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From the Farmington Press Archives

1991 – 30 years ago

Missouri Attorney General William Webster told a crowd at the Farmington Chamber of Commerce meeting Thursday afternoon what Missouri and Farmington need to do to attract businesses to the area. Close to 80 people attended the noon meeting at the Plank Road Inn. Webster praised the changes he has seen in Farmington since his last visit two years ago. "There's certainly a lot of things happening here, and it's due in no small part to a lot of the people in this room," Webster said.

After watching his team sleepwalk through the first half Friday evening against Farmington, Ste. Genevieve High School Coach Bob Stolzer decided to put his foot down. At halftime, he delivered the wake-up call. The Dragons scored 16 second half points to defeat the Knights 21-13. The Knights fell to 2-5 and 1-3 in the MAAA Conference. Ste. Genevieve raised its record to 5-2 and 3-1 in the MAAA Conference. After a tough loss last weekend to Valle High School and with homecoming festivities taking up most of the players' thoughts, Stolzer said he could tell early on that the players weren't ready at game time.

Led by its strong front line, the Farmington volleyball team cruised to a two-game victory over St. Vincent Thursday night, 15-4, 15-0 and wrapped up its regular-season schedule. The victory left the Knightettes with an overall record of 16-7-1 and a conference record of 9-2. MAAA conference tournament play will begin Monday night at Flat River Central. Farmington, the third seed, will play Tuesday at 8:15. The Knightettes dominated the first game against the Squaws Thursday, and then shut them out completely in the second game, thanks to good serves and powerful net play.

The city of Farmington will not take part in the central dispatching of the county 911 system, the city council decided at its regular meeting Monday night. Citing potential costs, as well as concern about the political and authoritative structure of the central dispatching, Councilman David Holman's public safety committee recommended not to participate. 'The committee's not without a social conscience, but we're forced to ask, 'at what price?' Holman said. Councilman Jim Kellogg, a member of an ad-hoc committee formed to study the issue, said he believed there is a need for the county to consolidate its dispatching of emergency services, but Farmington did not need to be a part of it.

1981 – 40 years ago

A businessman was fatally wounded and his alleged assailant critically injured Monday in a double shooting in downtown Flat River. Robert Lucas, 33, of Farmington died while still receiving emergency treatment at Mineral Area Osteopathic Hospital about three hours after the shooting occurred. He had suffered a massive wound to upper abdomen caused by a shotgun blast. Larry Usher 32, of Bismarck suffered at least one gunshot wound and possibly more. He was given emergency treatment at a Farmington hospital and then rushed by air ambulance to a St. Louis hospital Monday evening. His condition was not readily available although one police source indicated it was believed to be critical.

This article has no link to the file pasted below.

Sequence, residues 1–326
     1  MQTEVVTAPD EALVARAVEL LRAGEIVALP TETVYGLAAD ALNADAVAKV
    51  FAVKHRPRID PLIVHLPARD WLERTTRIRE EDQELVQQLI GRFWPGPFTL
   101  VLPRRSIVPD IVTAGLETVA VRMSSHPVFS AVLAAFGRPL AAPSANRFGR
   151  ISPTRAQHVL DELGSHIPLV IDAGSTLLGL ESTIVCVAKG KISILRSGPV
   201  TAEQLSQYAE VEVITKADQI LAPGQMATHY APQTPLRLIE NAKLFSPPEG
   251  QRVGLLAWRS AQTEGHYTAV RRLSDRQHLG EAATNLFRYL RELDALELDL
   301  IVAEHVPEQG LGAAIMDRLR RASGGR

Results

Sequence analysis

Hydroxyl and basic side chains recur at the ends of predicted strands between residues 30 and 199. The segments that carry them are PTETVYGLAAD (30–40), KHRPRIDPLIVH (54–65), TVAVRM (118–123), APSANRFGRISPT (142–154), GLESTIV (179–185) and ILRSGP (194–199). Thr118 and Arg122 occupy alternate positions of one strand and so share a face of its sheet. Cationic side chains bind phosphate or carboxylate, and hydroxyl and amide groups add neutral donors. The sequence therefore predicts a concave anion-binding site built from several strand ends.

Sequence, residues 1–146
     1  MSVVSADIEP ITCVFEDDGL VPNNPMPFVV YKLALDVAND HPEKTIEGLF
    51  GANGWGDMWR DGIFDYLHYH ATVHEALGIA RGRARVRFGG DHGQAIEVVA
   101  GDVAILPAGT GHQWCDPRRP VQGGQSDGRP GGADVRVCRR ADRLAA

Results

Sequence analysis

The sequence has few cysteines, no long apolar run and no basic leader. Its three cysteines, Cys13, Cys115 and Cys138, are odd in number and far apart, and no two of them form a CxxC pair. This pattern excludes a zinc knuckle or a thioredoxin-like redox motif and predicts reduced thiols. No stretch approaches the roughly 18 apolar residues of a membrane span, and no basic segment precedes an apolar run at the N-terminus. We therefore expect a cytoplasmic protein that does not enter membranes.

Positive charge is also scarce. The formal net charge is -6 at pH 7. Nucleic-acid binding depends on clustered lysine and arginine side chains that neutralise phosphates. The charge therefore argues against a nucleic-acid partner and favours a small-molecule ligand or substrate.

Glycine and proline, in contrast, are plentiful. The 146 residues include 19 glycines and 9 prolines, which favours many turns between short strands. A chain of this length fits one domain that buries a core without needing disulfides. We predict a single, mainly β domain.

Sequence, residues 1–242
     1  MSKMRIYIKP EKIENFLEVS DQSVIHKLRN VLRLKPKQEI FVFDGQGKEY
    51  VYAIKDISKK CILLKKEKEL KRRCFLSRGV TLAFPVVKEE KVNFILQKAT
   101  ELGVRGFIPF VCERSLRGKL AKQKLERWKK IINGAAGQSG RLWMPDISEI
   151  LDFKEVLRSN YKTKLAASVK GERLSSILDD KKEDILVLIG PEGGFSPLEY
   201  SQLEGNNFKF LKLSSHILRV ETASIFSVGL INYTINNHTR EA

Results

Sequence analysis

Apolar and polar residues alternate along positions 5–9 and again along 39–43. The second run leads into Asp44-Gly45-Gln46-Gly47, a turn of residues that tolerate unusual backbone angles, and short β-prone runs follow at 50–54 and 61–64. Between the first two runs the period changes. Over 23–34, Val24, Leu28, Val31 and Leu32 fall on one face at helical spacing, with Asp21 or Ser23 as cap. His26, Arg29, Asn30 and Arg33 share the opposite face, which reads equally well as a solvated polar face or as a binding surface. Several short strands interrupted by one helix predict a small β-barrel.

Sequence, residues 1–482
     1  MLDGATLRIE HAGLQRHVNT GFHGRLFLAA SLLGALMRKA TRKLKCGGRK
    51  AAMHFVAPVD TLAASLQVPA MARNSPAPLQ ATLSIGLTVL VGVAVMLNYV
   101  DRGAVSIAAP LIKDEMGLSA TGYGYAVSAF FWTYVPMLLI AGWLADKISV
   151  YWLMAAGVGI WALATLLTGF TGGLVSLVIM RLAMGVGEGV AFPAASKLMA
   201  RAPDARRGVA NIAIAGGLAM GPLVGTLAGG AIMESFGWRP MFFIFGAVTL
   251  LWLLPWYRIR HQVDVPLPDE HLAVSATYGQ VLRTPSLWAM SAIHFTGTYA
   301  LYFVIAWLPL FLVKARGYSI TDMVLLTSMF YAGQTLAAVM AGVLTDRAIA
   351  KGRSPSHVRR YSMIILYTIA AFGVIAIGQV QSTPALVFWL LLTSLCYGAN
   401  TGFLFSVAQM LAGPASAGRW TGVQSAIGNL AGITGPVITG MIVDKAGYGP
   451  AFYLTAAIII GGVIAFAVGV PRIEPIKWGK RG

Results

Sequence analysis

A 32-year-old man being taken into custody at his Farmington home by local law enforcement officers pulled a gun from his pocket and fatally shot himself in the head Saturday, authorities stated. Roger Dale Davidson died at Mineral Area Osteopathic Hospital about an hour after the incident witnessed by several officers, Davidson's wife, and teenaged stepson. Sheriff Ken Buckley said information was received by his department early Saturday afternoon that Davidson was residing at a North Jackson Street address and that there was a felony warrant out for his arrest from Marshall County, Kentucky.

A rural Doe Run family's home and possessions were wiped out late Sunday night by a fire of undetermined origin while authorities are investigating the cause of a fire that destroyed a building at Bismarck early Monday. The Joe Sutton family was away from their home on Watson Road, northwest of Doe Run, when it caught fire late Sunday night. The fire was discovered by Danny Hollifield shortly before midnight after he had returned home from work. Hollifield said the house, about a quarter of a mile from his home, was fully in volved in flame when he first noticed it.

Farmington Mayor Ronald G. Stevens proclaimed October 18-24 as National Business Women's Week sponsored by the National Federation of Business Women's Week, sponsored by the National Federation of Business and Professional Women's Clubs, Inc. Joining the mayor in the formal signing was Karene Hunt, president of the Farmington BPW.

1971 – 50 years ago

Miss Cecella Gentges, well known Farmington elementary school teacher, was named Woman of the Year "No. 1 in 2719 by the Farmington Business and Professional Women's Club when she was given special recognition at the October 18 meeting. National Business Women's Week was being observed by the club October 17-23 along with other business and professional women around the world, Mrs. Opal Wright, who was last year's Woman of the Year gave a resume of Miss Gentges' interests and accomplishments.

Mayor Douglas K. Ross today turned over the keys to a brand new 1972 air-conditioned Plymouth patrol car to Chief of Police Leslie "Buck" Jones and Alderman Larry Eaton, Chairman of the Public Safety Committee, This is the newest addition to Farmington's fleet of four police vehicles. This fourth car is the result of an application submitted during the summer to the Southeast Missouri Law Enforcement Assistance Council, which is located in Bonne Terre and is managed by Ronald Bockenkamp, Executive Director. Other equipment included in this project included flasher lights, public address system, 2 frequency mobile radio, portable radios. A typewriter and a Polaroid camera, The total project cost was $7,226.06 only $1,806.52 is local financing, the rest is Federal Funds.